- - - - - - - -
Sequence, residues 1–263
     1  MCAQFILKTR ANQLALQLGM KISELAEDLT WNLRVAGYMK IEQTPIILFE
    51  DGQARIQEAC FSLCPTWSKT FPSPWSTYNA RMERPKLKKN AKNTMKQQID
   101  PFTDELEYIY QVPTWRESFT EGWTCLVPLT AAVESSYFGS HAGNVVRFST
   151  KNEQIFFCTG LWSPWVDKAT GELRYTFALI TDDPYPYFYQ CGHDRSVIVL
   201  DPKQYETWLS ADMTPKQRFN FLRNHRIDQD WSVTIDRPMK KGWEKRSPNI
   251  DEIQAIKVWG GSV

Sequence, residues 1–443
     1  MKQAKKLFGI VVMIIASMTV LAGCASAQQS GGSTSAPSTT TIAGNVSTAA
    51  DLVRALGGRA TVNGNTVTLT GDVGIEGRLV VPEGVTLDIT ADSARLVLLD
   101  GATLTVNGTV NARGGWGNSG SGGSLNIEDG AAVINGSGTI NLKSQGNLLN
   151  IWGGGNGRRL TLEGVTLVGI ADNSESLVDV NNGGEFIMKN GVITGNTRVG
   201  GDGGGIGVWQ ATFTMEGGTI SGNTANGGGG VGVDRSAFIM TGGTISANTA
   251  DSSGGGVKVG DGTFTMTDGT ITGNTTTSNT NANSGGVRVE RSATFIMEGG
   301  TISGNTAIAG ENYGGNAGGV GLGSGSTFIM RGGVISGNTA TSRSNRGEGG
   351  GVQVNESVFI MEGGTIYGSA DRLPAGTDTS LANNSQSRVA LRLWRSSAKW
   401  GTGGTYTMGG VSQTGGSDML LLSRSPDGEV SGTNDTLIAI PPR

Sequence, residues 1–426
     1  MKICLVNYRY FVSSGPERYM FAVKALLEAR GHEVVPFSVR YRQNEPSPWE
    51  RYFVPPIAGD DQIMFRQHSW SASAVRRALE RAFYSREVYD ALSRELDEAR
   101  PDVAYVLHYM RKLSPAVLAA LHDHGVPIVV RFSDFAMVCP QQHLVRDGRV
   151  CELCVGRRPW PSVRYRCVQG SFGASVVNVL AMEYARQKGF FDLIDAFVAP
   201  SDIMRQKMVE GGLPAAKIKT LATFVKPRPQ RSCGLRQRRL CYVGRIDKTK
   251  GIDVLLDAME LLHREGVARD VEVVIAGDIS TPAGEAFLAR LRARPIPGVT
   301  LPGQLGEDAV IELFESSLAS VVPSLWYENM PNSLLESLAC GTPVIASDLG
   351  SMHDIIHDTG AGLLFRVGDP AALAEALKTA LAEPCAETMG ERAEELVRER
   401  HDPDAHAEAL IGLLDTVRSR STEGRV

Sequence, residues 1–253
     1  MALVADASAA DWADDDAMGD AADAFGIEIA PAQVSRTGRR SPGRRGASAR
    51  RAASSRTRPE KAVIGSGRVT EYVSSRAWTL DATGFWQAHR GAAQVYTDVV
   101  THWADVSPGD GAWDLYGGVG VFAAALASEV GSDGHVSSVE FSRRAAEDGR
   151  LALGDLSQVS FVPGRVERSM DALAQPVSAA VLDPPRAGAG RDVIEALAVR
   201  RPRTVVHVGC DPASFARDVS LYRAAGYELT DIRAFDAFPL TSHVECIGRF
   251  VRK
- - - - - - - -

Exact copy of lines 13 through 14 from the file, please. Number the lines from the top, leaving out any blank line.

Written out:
   201  GDGGGIGVWQ ATFTMEGGTI SGNTANGGGG VGVDRSAFIM TGGTISANTA
   251  DSSGGGVKVG DGTFTMTDGT ITGNTTTSNT NANSGGVRVE RSATFIMEGG